THE DRAWINGS

FIG. 1 is a side view of a preferred embodiment of the present invention with the platens in the opened position.

FIG. 2 is a plan view of the same apparatus shown in FIG. 1.

FIG. 3 is an enlarged, fragmentary, cross-sectional view taken along lines 3--3 in FIG. 2 showing details of the vacuum connection.

FIG. 4 is a view taken along lines 4--4 in FIG. 1 showing hinge details.

DETAILED DESCRIPTION

The detailed description of the preferred embodiment will be made in connection with a process of applying a thin plastic film onto a glass touch control panel wherein the plastic sheet carries a pressure sensitive adhesive. It should be apparent, however, that the invention is not limited to the particular types of sheet materials being assembled.

Referring now to FIGS. 1 and 2, there is shown a specific, preferred embodiment of an aligning-laminating device in accordance with the present invention. The apparatus is provided with a rigid, unitary base 10 to which are affixed a stationary platen section 11 and a pivoting platen section 12. Stationary section 11 includes an indexing table 13 which is bolted to base 10. The indexing table includes a bed 14 which carries a pair of sliding platforms 15 and 16. The platforms may be horizontally translated by means of cranks 17 and 18, respectively, and rotated within a horizontal plane by means of a crank 19.

Affixed to the top of the indexing table is a first platen 25 whose upper surface is a smooth, generally horizontal plane. Attachment of platen 25 to the indexing table 13 is preferably by means such as screws 26 which permit the platen to be readily interchanged with other platens having different shapes corresponding to different shapes of laminates being produced. The position of platen 25 may be finely adjusted by means of the indexing table 13. Projecting above the surface of platen 25 to a height slightly less than the thickness of the sheet material being laminated are a number of indexing pins 27. When a sheet such as glass sheet 28 is placed onto platen 25, sliding the sheet into edge contact with the pins 27 properly positions the sheet on the platen. In cases where a very thin sheet is being laminated, difficulty in establishing the proper height for the indexing pins may make it preferable to use spring loaded indexing pins. Such pins are biased upwardly by springs recessed below the sheet-receiving surface of the platen, so that the pins may project above the upper surface of a sheet placed onto the platen, but because of their resilient mounting will not interfere with closing the platens.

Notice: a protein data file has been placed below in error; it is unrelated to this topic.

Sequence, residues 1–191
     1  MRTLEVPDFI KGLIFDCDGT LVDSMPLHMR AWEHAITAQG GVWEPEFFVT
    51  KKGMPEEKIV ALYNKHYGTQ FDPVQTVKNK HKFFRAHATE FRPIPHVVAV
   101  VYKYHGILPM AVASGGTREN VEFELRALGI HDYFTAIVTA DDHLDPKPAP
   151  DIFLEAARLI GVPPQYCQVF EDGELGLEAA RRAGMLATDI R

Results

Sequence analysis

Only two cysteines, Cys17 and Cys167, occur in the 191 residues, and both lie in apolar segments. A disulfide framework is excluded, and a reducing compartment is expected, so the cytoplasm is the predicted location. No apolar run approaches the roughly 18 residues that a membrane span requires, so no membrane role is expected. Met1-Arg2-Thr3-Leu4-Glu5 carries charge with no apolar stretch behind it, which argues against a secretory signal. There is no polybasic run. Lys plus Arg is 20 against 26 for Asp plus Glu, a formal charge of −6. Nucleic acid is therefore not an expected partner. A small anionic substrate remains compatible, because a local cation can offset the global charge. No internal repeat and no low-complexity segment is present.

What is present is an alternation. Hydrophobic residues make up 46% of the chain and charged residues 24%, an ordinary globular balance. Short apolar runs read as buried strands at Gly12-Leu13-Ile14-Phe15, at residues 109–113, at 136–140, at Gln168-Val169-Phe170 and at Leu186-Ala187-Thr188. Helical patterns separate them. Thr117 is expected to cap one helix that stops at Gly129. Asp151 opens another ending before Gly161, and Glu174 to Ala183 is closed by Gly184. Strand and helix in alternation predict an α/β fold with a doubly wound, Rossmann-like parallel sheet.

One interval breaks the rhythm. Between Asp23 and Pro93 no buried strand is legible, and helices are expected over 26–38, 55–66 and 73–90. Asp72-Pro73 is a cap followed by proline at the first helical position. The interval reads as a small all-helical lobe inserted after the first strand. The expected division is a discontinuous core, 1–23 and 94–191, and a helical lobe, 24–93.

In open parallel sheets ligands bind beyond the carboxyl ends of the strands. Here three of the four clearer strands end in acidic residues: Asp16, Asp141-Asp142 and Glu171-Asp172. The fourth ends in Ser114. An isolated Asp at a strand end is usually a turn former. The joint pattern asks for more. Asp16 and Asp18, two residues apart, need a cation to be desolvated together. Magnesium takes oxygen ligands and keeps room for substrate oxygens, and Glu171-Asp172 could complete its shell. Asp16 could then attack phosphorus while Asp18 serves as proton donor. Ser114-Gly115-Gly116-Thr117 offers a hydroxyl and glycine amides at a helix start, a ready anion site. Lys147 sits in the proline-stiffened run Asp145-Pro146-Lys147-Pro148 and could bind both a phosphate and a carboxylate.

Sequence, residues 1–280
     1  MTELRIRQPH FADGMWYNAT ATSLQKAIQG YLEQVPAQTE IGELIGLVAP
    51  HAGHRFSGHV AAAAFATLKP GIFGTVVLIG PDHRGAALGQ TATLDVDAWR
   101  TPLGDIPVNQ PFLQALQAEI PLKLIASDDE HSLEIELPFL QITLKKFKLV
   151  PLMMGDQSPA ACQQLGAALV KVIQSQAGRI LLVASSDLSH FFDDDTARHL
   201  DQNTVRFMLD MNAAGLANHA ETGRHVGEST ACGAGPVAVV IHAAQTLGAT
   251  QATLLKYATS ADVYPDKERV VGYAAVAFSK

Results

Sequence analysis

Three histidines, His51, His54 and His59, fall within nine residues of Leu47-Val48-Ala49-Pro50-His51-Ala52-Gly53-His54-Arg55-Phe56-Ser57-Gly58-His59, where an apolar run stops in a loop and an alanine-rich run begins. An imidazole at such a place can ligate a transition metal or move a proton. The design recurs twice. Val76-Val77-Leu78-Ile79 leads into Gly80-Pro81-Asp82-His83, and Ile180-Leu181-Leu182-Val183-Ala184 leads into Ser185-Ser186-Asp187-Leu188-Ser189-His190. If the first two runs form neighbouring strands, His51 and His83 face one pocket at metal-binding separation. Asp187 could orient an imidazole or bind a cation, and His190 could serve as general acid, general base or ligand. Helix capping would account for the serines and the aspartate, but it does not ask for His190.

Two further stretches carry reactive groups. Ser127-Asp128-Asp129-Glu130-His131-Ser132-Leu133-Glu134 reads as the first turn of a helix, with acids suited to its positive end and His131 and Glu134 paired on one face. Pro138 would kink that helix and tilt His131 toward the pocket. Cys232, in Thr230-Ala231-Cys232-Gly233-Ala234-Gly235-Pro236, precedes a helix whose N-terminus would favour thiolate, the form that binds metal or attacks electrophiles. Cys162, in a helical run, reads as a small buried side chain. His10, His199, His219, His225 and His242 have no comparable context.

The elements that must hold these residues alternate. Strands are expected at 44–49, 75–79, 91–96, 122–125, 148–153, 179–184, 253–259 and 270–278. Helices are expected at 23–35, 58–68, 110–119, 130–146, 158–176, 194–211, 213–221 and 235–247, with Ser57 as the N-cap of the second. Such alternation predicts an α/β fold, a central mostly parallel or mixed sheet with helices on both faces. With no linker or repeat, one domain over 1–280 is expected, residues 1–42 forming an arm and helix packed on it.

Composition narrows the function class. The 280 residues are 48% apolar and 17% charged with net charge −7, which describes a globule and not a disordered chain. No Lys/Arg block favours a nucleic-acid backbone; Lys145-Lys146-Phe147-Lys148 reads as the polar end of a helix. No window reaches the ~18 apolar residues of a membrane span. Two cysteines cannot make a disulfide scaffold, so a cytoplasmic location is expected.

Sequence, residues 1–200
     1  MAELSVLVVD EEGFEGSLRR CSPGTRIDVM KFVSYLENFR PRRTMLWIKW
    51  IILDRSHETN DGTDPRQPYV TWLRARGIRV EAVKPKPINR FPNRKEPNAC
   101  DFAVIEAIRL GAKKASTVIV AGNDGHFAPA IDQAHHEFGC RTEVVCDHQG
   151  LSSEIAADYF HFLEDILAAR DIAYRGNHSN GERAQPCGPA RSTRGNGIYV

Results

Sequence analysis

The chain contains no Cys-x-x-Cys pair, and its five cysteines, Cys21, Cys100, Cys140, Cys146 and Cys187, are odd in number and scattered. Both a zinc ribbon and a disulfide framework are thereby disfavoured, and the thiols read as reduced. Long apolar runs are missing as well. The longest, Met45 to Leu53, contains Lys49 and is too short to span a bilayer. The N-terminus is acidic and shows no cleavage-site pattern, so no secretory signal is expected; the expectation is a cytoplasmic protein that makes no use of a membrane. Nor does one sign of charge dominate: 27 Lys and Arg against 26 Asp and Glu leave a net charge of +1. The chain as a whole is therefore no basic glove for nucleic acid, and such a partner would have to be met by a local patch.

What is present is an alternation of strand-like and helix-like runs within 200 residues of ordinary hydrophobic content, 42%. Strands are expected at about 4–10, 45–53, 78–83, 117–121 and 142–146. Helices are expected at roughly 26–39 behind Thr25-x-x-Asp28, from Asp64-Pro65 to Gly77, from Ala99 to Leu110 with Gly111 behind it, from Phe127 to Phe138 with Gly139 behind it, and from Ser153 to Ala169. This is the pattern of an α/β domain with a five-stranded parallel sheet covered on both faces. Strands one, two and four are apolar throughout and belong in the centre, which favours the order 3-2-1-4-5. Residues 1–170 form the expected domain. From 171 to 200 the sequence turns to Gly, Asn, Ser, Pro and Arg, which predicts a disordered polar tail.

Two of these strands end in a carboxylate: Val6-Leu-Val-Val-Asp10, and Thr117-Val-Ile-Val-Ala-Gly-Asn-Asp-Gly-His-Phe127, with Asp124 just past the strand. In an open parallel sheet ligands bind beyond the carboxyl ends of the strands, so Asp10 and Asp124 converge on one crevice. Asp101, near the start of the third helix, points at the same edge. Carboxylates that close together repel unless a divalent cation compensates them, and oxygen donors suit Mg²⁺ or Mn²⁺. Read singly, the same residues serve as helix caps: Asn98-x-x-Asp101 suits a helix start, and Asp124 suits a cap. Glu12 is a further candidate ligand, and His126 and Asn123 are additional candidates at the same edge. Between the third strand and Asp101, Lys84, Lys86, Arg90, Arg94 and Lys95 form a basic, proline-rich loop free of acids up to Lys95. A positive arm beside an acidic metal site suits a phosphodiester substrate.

A vacuum groove 30 is cut into the upper surface of platen 28 and lies within an area covered by sheet 28 when properly butted against the indexing pins. A tube 31 communicates the vacuum groove with a vacuum pump (not shown). Details of the connection between the tube 31 and the vacuum groove 30 are shown in FIG. 3. Tube 31 fits over a nipple 32 which is threaded into a bore 33 in the side of platen 25. Groove 30 communicates with the threaded bore 33 by means of a small vertical cross-bore 34. In the figures, the vacuum groove 30 is shown as having a generally rectangular shape closely adjacent to the edges of sheet 28. It should be understood that vacuum groove 30 could be provided with other patterns, although the arrangement shown has been found to be particularly advantageous in that the peripheral arrangement avoids the circuit holes in the sheet, particularly the plastic sheet. Instead of a continuous groove, the vacuum means could take the form of a large number of holes or a porous pad communicating with a vacuum plenum within the platen, especially if the sheet has no holes as would usually be the case with the glass sheet.

Directing attention now to the other platen section 12, there is provided a second platen 40 which is in essence the same as the first platen 25 and is likewise provided with indexing pins 41 and a vacuum groove 42. Connection to a vacuum tube 31' is made in the same manner as in the first platen shown in FIG. 3. A second sheet 43, which is to form one of the plies of the laminate, is shown aligned on platen 40 in abutment with aligning pins 41. Sheet 43 may be a plastic sheet material such as "MYLAR" (a trademark of E.I. duPont de Nemours and Co., Wilmington, Del. for polyethylene glycol terephthalate). In the preferred operation, the plastic film is coated with a pressure sensitive adhesive on one side and the adhesive coated side is placed face up on platen 40. Examples of suitable adhesives are "3M 918" and "3M 468." Platen 40 is detachably fastened to a pivot plate 44 by means of screws 45, for example, in order to facilitate interchanging the platen for platens of other configurations.